miércoles, 28 de septiembre de 2011

Daphne Du Maurier's "Monte Verità" & "Don't Look Now" (Peril of the Short Story for R.I.P. VI)

"Monte Verità" & "Don't Look Now"
by Daphne du Maurier
England, 1952 and 1971

I love that Daphne du Maurier photo up above.  Despite the weird Project Runway fashion statement that she's making with her ensemble, there's something about her expression that makes me feel that I could bond with her--or, more realistically, that makes me feel that I'd at least want to bond with her--should our two worlds ever meet.  Unfortunately, my first two reading dates with Daphne didn't go as swimmingly as I would have hoped.  For starters, experiencing "Don't Look Now," the 1971 short story of hers which I read first, was a little like watching a cool, edgy Hitchcock thriller for about an hour and a half and then finding out that M. Night Shyamalan had been brought in for the last 15 minutes to deliver one of those lame-o, implausible endings that he's famous for.  What the hell, girl and/or "M"?  You had me with the creepy old clairvoyant sisters and the sudden reappearance of the beloved but unfortunately long deceased young daughter.  You lost me with that ending--particularly the goofball last line which reads like a parody.  The 1952 "Monte Verità," at 79 pages maybe more a novella than a short story, was a disappointment for other reasons.  A genre splice pairing a mountain climbing adventure and a supernatural mystery focused on a mystical cult of true believers hidden away from the modern world, it all just got a little too H. Rider Haggard She outlandish for me although people more inclined to Brit adventure/supernatural mystery pastiches may naturally have a higher tolerance for this sort of thing.  Oddly enough given all this kvetching, though, I'm not at all opposed to seeking out a little more Daphne du Maurier action in the future.  If reading her at long last was kind of like being set up on a blind date with a hipster chick and then finding out that the hipster chick in question was not only inexplicably all bent out of shape about R.E.M. breaking up but also wrongly excited about Sting's Back to Bass solo tour, I still think she's a fine stylist in terms of her storytelling mechanics, in drawing attention to the emotional nuances of (and between) her characters, and--despite apparent disagreements with her judgement from time to time--also fairly good company in terms of how many of the supernatural aspects of these two stories are grounded in character reactions that feel realistic for the most part.  But R.E.M.?  Sting?  "Hipster"?  WTF?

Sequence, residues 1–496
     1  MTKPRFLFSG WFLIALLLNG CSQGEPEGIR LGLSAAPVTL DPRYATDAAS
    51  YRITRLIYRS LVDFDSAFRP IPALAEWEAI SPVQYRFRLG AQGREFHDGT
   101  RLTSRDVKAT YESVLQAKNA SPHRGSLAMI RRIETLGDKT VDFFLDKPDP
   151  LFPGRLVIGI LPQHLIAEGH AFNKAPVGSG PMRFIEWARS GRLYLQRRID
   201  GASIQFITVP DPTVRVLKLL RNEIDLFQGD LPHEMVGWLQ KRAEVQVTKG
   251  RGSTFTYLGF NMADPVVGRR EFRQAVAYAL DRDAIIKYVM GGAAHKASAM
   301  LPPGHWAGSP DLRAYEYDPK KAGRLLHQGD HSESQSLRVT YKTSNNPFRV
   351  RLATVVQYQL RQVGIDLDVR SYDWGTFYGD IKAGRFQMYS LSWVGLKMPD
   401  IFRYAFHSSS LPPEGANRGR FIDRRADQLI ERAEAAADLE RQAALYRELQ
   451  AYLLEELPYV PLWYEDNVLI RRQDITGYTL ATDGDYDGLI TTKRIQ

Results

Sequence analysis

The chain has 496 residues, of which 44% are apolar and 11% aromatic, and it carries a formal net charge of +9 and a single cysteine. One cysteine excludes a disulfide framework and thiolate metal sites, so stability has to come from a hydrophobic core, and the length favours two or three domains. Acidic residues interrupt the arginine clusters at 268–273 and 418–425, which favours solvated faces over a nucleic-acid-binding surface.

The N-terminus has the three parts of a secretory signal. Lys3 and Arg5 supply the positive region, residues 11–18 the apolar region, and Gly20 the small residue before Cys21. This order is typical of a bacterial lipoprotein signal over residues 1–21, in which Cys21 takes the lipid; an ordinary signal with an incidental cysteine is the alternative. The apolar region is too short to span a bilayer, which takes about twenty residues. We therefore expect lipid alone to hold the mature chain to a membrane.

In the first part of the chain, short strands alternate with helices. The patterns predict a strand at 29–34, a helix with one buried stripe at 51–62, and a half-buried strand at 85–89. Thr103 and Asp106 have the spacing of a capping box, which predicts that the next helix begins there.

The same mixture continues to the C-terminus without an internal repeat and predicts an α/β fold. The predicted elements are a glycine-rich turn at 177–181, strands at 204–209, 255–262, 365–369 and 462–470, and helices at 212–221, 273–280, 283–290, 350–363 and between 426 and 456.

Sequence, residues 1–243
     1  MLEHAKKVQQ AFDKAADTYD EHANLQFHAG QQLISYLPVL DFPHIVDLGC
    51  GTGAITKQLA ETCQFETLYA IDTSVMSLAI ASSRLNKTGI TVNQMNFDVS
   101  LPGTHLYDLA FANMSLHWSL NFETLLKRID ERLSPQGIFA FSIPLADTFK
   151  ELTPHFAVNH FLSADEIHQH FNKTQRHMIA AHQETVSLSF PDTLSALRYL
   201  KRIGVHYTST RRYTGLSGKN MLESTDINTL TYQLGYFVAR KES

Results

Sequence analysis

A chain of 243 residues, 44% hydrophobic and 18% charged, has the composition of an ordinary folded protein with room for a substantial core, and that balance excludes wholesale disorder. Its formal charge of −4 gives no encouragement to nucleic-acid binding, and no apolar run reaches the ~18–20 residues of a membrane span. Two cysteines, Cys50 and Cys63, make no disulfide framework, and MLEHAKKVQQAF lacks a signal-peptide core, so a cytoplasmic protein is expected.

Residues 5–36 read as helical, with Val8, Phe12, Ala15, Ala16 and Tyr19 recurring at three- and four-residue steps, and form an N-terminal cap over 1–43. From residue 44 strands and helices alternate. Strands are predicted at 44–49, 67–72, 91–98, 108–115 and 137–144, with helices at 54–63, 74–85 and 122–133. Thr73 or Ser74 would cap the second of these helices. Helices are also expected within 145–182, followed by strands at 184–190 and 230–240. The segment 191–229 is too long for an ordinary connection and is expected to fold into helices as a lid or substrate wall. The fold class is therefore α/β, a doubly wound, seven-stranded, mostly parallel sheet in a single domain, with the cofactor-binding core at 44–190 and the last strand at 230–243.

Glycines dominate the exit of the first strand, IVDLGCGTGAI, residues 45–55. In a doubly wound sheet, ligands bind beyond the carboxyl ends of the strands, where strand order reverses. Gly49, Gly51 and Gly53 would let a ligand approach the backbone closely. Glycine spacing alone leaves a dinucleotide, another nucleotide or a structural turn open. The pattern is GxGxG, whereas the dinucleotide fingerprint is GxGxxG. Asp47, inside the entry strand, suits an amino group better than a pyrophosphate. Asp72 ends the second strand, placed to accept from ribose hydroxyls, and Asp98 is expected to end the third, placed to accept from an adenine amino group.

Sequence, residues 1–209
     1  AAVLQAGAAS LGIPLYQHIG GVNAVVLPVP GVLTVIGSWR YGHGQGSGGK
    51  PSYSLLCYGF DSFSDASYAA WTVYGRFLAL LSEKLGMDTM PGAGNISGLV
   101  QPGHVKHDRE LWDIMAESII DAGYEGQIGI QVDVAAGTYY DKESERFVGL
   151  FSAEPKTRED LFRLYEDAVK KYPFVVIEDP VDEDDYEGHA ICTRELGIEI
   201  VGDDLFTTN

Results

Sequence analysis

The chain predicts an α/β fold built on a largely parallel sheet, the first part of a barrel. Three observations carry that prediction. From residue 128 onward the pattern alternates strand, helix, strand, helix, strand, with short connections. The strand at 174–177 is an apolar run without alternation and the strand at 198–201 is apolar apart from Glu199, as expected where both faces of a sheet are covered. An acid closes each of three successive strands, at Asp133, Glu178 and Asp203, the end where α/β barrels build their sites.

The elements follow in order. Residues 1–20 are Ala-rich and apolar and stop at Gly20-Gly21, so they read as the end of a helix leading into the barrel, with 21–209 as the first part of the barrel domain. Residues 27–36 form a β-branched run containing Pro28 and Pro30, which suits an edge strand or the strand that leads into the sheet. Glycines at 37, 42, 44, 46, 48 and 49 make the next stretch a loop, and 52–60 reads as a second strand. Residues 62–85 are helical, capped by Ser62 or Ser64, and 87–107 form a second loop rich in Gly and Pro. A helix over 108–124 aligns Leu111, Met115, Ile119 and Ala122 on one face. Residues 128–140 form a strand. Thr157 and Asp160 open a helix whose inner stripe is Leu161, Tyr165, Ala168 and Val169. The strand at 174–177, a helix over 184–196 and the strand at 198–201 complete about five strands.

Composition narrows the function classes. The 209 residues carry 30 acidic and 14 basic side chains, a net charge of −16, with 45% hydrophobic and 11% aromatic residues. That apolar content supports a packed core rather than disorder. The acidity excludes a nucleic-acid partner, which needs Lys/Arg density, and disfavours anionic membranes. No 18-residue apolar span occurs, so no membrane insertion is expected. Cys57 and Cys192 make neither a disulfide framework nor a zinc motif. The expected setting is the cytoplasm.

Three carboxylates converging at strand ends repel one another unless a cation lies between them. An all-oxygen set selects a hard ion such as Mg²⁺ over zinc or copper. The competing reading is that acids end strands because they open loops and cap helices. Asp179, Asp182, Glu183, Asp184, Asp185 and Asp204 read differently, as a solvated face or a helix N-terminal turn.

"Don't Look Now" and "Monte Verità" are the first and last stories featured in Daphne du Maurier's nine-tale Don't Look Now collection, read here as part of the "Peril of the Short Story" festivities for R.I.P. VI.  New York: NYRB Classics, 2008, 3-58 & 267-346.

12 comentarios:

  1. Wow. That is a GREAT picture of D du M - I find it a bit creepy actually. I've had the same experience with her, where many things about her writing is superb but then, wham, it goes a bit wrong for me. Eh, maybe I just haven't read the right thing yet. I really enjoyed your review of these stories, although I'm not feeling inclined to read them - you got me laughing with your supposedly hipster chick scenario.

  2. It really is quite the ensemble, isn't it!

    I haven't read either of these (have only read Rebecca, and that was really a listen), but your metaphors are, as always, evocative. Rebecca does, at least, maintain the stylish Hitchcock vibe to the bitter end.

    (And before this REM news broke I assumed they'd broken up, like, 10 years ago...)

  3. You actually read the stuff. Which alone made me smile and then I read post and laughed. Can't comment with any real insight yet as I won't read the short stories until next month, but am curious about your observations. As Emily already said, her longer formats can maintain the Hitchcock edge throughout which is one of the reasons I enjoy her novels. Quietly suspicious and occasionally misanthropic but in this strange hopeful way. And as I do not know what Project Runway fashion might mean, I will once again allow myself to ponder your fascination with aspects of pop culture of which you are dismissive... :)

  4. Oh my, you had me laughing! I have this colelction but haven't read it yet. have read and enjoyed Rebecca though. And I must say, Daphne's outfit is quite, um, eyecatching.